Conspiracy theories surrounding the negative effects of 5G have become increasingly popular online, and scammers are now looking to capitalise with fake products claimed to protect against these made-up claims.
Now a company called BioShield Distribution has launched a new device which it claims can protect users from them using “quantum holographic catalyzer technology”.
The 5GBioShield recently went on sale in the UK for £283 ($348), with its creators claiming it could protect a users' entire home from 5G. However a strip-down test has now revealed that the device is actually just a cheap USB stick with a sticker attached, offering no protection to any dangers, real or imagined.
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Despite the fact that extensive research has been done on the negative effects of 5G and even the World Health Organization (WHO) says the technology is safe, anti-5G campaigners believe that next-generation-networks can cause a range of health problems and some have even linked 5G to the spread of the coronavirus.
On its website, BioShield Distribution provides further details on the technology inside its product, saying:
“The 5GBioShield USB Key with the nano-layer is a quantum holographic catalyzer technology for the balance and harmonisation of the harmful effects of imbalanced electric radiation. The nano-layer operating diameter is either 8 or 40 meters. The 5GBioShield USB Key is resulting from research of several decades in multiple countries. The active key operating diameter shields and harmonizes a complete family home.”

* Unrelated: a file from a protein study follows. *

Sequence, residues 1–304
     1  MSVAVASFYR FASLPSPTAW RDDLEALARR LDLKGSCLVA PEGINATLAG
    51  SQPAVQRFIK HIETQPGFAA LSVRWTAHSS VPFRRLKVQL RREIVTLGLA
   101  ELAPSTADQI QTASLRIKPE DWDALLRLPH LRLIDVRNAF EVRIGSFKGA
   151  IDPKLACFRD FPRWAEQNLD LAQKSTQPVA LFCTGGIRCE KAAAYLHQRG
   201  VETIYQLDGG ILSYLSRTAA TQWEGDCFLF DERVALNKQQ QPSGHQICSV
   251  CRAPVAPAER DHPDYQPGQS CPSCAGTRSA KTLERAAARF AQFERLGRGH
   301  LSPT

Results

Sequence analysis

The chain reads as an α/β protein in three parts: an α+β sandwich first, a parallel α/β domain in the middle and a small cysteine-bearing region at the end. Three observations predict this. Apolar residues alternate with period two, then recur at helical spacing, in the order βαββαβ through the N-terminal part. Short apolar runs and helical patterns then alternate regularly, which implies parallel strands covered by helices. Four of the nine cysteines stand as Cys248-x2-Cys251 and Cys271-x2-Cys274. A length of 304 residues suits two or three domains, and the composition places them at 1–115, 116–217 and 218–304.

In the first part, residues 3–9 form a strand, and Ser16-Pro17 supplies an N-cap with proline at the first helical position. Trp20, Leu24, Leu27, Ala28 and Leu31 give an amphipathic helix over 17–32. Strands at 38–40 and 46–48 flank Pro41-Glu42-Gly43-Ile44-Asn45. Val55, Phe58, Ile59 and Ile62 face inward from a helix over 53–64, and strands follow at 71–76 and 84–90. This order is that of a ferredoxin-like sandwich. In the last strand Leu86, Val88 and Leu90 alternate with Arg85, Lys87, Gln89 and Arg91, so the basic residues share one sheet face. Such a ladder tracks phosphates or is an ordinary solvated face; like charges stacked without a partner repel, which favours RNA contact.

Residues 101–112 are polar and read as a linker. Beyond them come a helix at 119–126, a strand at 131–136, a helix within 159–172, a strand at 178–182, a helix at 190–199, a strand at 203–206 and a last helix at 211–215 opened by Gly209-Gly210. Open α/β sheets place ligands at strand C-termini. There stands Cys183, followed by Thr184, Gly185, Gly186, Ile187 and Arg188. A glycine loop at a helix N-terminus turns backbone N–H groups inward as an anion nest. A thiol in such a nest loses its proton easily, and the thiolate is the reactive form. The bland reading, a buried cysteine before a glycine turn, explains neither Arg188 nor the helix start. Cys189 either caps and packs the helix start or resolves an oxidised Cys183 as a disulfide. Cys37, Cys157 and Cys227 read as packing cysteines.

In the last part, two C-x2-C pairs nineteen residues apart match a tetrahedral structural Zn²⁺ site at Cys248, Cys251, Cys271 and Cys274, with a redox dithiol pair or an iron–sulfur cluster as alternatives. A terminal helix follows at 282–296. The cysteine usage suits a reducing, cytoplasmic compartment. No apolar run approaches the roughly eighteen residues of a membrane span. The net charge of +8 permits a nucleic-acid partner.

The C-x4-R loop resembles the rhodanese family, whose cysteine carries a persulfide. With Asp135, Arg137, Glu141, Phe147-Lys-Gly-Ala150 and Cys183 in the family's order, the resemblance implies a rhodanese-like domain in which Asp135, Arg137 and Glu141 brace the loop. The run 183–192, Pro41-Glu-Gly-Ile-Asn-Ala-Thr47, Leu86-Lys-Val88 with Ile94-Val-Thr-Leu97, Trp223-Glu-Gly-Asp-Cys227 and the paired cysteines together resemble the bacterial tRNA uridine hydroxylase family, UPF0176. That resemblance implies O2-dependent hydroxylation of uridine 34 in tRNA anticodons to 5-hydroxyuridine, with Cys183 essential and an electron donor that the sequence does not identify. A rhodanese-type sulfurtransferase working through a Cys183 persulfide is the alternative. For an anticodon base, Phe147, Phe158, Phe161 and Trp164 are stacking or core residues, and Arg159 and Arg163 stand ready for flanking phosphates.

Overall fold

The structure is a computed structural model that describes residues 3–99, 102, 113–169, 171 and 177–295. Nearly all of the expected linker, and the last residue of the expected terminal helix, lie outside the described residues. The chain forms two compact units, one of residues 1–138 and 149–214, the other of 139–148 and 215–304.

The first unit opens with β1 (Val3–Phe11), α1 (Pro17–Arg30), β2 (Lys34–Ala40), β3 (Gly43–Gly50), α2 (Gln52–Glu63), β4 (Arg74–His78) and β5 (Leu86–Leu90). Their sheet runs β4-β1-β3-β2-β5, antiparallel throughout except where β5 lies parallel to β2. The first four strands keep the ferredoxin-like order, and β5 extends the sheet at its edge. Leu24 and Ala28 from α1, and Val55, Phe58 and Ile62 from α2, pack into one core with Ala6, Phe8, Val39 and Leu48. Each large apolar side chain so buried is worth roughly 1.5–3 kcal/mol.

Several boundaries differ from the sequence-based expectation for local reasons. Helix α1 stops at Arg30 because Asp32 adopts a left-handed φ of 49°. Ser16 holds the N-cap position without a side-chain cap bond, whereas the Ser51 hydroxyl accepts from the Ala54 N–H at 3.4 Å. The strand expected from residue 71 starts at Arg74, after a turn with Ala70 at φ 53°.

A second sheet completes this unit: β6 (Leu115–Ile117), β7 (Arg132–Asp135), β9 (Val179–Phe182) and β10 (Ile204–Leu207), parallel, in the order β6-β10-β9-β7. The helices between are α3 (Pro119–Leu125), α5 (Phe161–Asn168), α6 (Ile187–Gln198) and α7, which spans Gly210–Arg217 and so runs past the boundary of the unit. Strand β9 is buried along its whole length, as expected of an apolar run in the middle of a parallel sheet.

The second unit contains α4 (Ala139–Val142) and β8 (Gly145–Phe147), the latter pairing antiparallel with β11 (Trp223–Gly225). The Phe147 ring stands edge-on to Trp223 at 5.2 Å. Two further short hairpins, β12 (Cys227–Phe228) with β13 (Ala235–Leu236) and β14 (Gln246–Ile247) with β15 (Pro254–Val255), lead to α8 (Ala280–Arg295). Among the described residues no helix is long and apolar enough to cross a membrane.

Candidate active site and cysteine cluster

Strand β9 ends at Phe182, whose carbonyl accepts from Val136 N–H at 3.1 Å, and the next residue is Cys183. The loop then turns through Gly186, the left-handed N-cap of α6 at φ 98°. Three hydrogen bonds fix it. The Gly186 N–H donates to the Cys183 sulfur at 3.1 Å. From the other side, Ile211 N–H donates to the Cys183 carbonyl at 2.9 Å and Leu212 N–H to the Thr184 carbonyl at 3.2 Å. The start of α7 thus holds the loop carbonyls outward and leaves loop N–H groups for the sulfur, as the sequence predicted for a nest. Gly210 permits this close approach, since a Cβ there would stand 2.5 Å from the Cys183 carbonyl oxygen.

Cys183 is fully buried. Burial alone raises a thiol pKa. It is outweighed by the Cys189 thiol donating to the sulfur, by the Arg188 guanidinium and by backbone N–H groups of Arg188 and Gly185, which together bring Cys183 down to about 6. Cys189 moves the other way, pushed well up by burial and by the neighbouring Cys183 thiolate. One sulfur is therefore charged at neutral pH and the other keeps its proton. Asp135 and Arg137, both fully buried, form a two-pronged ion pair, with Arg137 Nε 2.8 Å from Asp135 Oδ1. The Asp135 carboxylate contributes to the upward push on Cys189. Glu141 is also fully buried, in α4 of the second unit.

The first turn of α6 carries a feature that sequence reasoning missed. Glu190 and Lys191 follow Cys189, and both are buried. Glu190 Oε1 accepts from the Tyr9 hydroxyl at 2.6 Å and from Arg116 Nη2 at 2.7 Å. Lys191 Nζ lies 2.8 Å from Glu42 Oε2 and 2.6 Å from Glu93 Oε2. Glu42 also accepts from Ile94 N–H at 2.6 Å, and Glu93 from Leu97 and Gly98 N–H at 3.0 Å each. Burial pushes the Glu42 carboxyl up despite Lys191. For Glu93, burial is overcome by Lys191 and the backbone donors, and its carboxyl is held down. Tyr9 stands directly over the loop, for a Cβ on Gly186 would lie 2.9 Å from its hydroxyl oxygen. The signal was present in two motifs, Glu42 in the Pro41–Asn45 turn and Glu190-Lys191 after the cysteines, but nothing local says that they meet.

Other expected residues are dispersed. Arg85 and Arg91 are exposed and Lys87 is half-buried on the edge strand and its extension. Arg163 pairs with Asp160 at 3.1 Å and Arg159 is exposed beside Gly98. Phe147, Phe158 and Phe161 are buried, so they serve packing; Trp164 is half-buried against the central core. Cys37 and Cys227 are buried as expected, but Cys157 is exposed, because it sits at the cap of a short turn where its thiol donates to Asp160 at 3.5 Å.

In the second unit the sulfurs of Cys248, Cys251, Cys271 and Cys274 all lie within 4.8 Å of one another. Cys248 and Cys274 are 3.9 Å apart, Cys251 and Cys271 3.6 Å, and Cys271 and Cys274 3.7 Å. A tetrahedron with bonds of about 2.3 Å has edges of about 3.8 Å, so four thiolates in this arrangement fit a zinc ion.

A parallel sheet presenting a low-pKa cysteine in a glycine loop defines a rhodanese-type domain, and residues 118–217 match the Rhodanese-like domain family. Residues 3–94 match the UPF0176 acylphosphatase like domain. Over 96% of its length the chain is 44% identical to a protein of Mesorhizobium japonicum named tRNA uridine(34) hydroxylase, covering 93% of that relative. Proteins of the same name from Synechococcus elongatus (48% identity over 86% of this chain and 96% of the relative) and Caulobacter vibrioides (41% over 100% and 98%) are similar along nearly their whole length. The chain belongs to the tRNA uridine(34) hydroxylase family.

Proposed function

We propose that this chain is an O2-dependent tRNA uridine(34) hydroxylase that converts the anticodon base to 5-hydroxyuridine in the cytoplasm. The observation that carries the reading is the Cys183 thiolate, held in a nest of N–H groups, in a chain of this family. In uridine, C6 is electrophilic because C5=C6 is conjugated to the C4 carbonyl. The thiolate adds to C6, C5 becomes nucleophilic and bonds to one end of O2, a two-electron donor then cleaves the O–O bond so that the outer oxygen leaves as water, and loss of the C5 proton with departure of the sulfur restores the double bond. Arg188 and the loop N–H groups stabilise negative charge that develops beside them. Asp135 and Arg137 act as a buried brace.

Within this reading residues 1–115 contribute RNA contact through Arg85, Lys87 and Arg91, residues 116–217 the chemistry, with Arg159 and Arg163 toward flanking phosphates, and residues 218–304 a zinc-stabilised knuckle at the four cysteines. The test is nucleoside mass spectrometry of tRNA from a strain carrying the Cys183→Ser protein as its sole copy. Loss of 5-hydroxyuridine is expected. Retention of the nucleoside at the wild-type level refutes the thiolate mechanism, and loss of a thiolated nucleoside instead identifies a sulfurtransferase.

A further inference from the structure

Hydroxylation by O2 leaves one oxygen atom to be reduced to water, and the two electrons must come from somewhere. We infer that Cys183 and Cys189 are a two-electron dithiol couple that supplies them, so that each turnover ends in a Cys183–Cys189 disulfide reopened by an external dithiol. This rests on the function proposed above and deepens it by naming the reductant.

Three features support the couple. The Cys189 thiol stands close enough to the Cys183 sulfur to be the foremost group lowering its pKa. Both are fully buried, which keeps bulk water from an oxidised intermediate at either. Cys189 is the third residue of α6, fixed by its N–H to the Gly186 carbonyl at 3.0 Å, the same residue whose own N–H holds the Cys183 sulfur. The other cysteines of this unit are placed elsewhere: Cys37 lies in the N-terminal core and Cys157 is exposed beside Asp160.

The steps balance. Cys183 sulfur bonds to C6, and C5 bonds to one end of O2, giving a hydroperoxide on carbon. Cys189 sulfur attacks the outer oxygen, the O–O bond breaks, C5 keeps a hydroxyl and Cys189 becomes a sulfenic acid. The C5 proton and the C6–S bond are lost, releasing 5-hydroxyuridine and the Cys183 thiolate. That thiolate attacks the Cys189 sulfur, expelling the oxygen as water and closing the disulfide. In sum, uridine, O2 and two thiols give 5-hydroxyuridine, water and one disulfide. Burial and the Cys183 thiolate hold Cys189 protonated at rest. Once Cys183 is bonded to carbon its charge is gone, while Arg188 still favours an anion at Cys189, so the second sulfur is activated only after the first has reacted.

To see if Bioshield Distribution's claims were true or the company is just masquerading an ordinary USB key as a device capable of protecting users from the effects of 5G, Ken Munro and his colleague Phil Eveleigh from Pen Test Partners ordered a 5GBioShield and dismantled the USB key.
In a blog post, Pen Test Partners detailed its tear down of the key as well as what it found inside, saying:
“As everyone is fully aware it is a USB key, we needed to tear the device down to see what else is within the casing. First, we managed to pull the device off the crystal, which showed nothing other than an LED at the end of the stick, the same as the other ‘crystal’ USB keys we found made in Shenzen. There were no additional components or any connections. The circular area on the main casing looked like it might be where the “quantum holographic catalyzer technology” transmitter might be. Carefully taking that off, not to damage the key components and, with crushing disappointment, it looked exactly like a regular sticker.”
Despite its high asking price, the 5GBioShield is actually a standard USB key with just 128MB of storage. However, this still hasn't stopped consumers from buying the product though as both the one pack and three pack of 5GBioShield USB Keys are currently on backorder on BioShield Distribution's website at the time of writing.
Via The Verge
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After working with the TechRadar Pro team for the last several years, Anthony is now the security and networking editor at Tom’s Guide where he covers everything from data breaches and ransomware gangs to the best way to cover your whole home or business with Wi-Fi. When not writing, you can find him tinkering with PCs and game consoles, managing cables and upgrading his smart home.